September 19th, 2009
Americans have access to:
- 1,000,000,000,000 web pages
- 65,000 iPhone app
- 10,500 radio stations
- 5,500 magazines
- 200+ cable tv networks
Pretty impressive numbers. The folks at XPLANE™ have created another video educating and inspiring the community. This is from their Did You Know series.
We forget sometimes how much things have changed and what kind of future possibly lays before us. The power of the computers in our pockets is incredible in relation to just 20 years ago.
September 18th, 2009
Wednesday had an unexpected downpour in the afternoon, right when Kelly and I were supposed to be meeting to shoot photos at Southford Falls. It didn’t look like it was going to pass in the next 15 minutes so we opted to reschedule. By the time I got home it was dry and I decided to head down there after dinner.
The park was empty and I was trying to beat the setting sun, but I’m very happy with the photos and how they came out.
All of the photos I shot were with my tripod, a wireless remote and a neutral density filter. The photo settings were all the same as well, f/22 for 30 seconds at 400 ISO.
September 7th, 2009
I stumbled across SAAB’s microsite called “Change Perspective” tonight, all I can say is I’ve been back to it 5 times to play with it and sent it to several friends.
Flash has been of much debate in the web design community. Some vehemently oppose it, others think it’s the solution to everything. My feelings are more middle of the road. In the right application it’s the only tool for the job, this site happens to be one of those.
The music is great. The whole site is clean, simple, easy to use and just feels like fresh air. My favorite part is the safety section with the pop up book. Visit the site.
September 7th, 2009
September 6th, 2009
While on vacation we had planned to get some biking in. I’ve been pretty out of it this past year. Also it’s not advised for Craig while he has his neck issue.
We finally got a break in weather on Wednesday and we headed into the National Forest to the Lincoln Woods trail. We talked to these wonderful park rangers who gave us our options. They said the trail that leads up to the falls has “some” railroad ties left in place. Ok… not a problem, because it’s a rail trail, so guaranteed nothing more than a 3% grade and a few railroad ties is not a big deal.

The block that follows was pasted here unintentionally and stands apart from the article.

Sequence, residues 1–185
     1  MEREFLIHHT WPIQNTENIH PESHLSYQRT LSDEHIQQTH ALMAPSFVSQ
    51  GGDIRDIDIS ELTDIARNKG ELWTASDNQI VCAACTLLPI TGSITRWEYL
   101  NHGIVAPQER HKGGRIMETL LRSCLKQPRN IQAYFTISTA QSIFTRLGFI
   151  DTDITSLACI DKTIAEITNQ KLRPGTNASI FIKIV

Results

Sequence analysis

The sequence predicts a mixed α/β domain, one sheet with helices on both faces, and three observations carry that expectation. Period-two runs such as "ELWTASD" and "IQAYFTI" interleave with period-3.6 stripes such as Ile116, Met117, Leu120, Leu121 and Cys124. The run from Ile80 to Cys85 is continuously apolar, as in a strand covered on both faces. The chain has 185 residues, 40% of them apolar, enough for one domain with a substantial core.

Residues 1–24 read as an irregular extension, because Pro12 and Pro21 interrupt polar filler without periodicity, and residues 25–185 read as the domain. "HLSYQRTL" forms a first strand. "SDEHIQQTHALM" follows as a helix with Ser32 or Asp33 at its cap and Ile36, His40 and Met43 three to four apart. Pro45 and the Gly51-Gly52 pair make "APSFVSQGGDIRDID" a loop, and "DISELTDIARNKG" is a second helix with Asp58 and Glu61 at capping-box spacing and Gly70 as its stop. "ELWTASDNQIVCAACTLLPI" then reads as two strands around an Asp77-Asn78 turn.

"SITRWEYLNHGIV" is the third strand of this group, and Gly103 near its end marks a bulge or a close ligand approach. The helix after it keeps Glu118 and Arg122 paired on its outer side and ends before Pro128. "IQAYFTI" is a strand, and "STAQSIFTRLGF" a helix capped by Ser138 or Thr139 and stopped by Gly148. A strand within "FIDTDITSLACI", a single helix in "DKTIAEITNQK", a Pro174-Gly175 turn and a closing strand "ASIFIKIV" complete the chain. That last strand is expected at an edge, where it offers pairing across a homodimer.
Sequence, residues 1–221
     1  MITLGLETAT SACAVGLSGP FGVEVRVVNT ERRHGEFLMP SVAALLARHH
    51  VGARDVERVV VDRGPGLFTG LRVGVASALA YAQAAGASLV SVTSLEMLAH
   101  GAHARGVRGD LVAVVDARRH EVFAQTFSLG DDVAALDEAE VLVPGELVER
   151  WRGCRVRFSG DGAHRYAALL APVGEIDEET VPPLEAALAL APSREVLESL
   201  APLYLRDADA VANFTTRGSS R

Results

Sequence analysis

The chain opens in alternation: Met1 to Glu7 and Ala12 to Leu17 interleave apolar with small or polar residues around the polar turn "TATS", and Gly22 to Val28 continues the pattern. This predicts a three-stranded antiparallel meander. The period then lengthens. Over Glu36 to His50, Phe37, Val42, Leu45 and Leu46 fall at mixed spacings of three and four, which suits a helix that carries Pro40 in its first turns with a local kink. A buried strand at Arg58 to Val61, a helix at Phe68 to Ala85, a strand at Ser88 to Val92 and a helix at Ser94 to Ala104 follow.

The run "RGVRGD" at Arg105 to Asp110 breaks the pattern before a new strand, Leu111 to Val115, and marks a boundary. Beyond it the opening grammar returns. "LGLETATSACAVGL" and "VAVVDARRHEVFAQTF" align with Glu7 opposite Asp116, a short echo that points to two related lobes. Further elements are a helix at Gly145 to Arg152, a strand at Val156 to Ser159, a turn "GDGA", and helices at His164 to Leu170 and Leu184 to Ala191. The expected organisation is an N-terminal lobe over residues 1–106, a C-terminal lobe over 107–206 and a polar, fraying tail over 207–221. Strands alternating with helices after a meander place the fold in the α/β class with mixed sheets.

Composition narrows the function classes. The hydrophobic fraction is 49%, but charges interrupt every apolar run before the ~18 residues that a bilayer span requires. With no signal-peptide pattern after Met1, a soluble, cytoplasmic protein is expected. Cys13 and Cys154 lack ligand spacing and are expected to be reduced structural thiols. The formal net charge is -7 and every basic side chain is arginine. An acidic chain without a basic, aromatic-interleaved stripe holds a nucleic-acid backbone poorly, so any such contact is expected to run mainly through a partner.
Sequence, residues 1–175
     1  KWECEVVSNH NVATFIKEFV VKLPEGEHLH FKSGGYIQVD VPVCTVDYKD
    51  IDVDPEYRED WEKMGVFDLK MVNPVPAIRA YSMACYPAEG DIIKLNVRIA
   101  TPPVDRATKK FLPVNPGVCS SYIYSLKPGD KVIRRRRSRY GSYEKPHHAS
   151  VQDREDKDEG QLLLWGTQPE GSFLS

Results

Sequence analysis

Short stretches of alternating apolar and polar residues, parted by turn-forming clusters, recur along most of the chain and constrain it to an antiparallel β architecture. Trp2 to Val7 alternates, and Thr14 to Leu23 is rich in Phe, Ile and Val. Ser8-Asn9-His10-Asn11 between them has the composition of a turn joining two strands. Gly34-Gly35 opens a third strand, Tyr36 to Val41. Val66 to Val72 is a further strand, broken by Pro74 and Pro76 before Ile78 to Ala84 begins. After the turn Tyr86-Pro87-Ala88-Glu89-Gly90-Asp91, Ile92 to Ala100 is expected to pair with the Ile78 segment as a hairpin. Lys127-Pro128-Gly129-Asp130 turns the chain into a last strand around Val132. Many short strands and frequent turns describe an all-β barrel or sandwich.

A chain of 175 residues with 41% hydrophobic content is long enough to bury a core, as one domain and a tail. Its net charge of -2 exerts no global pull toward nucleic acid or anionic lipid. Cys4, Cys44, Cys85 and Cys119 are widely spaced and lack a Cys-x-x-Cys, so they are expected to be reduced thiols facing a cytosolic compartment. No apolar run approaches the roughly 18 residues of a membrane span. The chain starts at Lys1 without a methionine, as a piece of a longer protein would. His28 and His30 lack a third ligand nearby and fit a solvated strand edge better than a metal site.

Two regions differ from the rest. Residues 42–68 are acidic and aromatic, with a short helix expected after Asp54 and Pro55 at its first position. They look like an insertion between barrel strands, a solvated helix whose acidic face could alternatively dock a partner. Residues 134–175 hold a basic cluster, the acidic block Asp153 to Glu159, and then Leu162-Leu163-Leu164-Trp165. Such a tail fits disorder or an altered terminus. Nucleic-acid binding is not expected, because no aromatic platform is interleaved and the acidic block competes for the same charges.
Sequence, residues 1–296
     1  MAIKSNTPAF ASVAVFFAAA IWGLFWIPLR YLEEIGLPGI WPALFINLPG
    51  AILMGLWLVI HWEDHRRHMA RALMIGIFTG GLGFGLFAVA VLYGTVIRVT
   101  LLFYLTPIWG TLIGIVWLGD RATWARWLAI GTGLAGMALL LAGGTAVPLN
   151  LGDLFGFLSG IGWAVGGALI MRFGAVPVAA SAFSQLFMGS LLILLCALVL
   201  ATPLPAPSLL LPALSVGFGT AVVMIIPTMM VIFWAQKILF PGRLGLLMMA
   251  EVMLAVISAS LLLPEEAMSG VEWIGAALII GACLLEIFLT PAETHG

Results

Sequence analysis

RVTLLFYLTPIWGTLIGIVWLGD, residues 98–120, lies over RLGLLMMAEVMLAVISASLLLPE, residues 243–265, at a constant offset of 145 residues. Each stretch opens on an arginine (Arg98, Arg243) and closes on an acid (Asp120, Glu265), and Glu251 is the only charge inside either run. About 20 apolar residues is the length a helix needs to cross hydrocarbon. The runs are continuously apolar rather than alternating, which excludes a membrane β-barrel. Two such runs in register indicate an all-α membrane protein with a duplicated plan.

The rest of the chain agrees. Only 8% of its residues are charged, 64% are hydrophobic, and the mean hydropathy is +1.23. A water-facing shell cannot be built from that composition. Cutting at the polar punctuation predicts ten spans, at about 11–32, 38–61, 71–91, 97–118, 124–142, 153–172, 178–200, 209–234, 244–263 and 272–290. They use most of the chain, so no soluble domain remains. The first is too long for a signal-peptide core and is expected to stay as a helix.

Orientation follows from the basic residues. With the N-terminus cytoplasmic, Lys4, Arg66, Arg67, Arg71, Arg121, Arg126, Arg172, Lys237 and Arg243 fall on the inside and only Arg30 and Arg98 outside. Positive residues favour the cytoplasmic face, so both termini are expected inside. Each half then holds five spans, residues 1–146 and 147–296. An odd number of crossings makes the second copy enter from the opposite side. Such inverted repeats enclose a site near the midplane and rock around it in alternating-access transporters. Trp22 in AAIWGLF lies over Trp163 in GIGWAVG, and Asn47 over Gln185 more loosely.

Turns out it was lots of railroad ties. The trail turned out to be a lot of fun. The way out to the falls and trail terminus (for bicyclists) was 2.8 miles, it was also the 3% up. Imagine having to bike over roots and rocks, but throw in speed bumps every 3-4 feet, you’ve got the Lincoln Woods trail. About 3/4 way out I wasn’t sure if I was going to be able to keep going. It was really kicking my butt and I was burning out. Craig stopped with me while I caught my breath and we decided to give it a little more.
One positive of the trail is on either side of the ties there is a small path to ride that is just dirt and roots. I was wondering how I was going to do on the way back but was glad to be able to rest when we got to the bridge.
The ride back turned out to be a lot of fun. It was 3% grade down. It pushed me to use my biking skills to pick a good line, avoid the nails that were still in some of the ties, ride out of the saddle to avoid destroying my butt and back. I also realized after a good mile that I would need to float my hands on my handlebars because my wrists were getting very sore. As usual my extra weight gave me quite a bit of momentum going down hill, I even hopped my bike up on to a bridge and kept going. I felt great after the ride, I loved the technicalities of the trail and was ready to go do it again the next day.
If your in that area, have a mountain bike, go do this trail. For those experienced and in shape riders this probably won’t be much of a challenge, but for the novice group it’s a good and safe technical challenge.